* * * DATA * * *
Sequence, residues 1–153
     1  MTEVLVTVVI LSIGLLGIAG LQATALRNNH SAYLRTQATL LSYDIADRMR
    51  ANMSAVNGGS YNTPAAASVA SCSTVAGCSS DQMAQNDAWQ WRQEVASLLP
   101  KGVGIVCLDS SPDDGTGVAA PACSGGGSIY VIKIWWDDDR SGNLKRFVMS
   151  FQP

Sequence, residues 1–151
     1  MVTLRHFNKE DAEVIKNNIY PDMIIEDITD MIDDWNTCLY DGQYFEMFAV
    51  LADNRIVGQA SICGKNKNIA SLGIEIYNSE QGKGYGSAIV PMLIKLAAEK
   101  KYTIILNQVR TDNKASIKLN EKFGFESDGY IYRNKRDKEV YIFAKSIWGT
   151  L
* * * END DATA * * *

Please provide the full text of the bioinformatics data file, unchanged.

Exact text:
Sequence, residues 1–153
     1  MTEVLVTVVI LSIGLLGIAG LQATALRNNH SAYLRTQATL LSYDIADRMR
    51  ANMSAVNGGS YNTPAAASVA SCSTVAGCSS DQMAQNDAWQ WRQEVASLLP
   101  KGVGIVCLDS SPDDGTGVAA PACSGGGSIY VIKIWWDDDR SGNLKRFVMS
   151  FQP

Sequence, residues 1–151
     1  MVTLRHFNKE DAEVIKNNIY PDMIIEDITD MIDDWNTCLY DGQYFEMFAV
    51  LADNRIVGQA SICGKNKNIA SLGIEIYNSE QGKGYGSAIV PMLIKLAAEK
   101  KYTIILNQVR TDNKASIKLN EKFGFESDGY IYRNKRDKEV YIFAKSIWGT
   151  L